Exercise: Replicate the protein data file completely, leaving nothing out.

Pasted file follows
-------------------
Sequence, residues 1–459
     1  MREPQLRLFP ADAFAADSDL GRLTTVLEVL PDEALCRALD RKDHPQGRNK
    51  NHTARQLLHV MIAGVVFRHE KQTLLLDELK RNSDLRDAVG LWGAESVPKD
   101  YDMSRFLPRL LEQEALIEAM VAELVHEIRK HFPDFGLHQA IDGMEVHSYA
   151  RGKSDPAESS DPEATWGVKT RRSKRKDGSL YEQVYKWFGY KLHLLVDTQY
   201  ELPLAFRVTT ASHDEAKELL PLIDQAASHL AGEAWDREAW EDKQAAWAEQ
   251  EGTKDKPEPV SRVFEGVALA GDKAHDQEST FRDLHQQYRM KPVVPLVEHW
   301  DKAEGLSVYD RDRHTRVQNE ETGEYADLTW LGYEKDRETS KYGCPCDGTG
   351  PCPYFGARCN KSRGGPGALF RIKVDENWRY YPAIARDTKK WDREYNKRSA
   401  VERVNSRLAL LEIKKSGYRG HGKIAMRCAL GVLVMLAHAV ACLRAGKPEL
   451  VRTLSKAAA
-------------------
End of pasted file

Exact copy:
Sequence, residues 1–459
     1  MREPQLRLFP ADAFAADSDL GRLTTVLEVL PDEALCRALD RKDHPQGRNK
    51  NHTARQLLHV MIAGVVFRHE KQTLLLDELK RNSDLRDAVG LWGAESVPKD
   101  YDMSRFLPRL LEQEALIEAM VAELVHEIRK HFPDFGLHQA IDGMEVHSYA
   151  RGKSDPAESS DPEATWGVKT RRSKRKDGSL YEQVYKWFGY KLHLLVDTQY
   201  ELPLAFRVTT ASHDEAKELL PLIDQAASHL AGEAWDREAW EDKQAAWAEQ
   251  EGTKDKPEPV SRVFEGVALA GDKAHDQEST FRDLHQQYRM KPVVPLVEHW
   301  DKAEGLSVYD RDRHTRVQNE ETGEYADLTW LGYEKDRETS KYGCPCDGTG
   351  PCPYFGARCN KSRGGPGALF RIKVDENWRY YPAIARDTKK WDREYNKRSA
   401  VERVNSRLAL LEIKKSGYRG HGKIAMRCAL GVLVMLAHAV ACLRAGKPEL
   451  VRTLSKAAA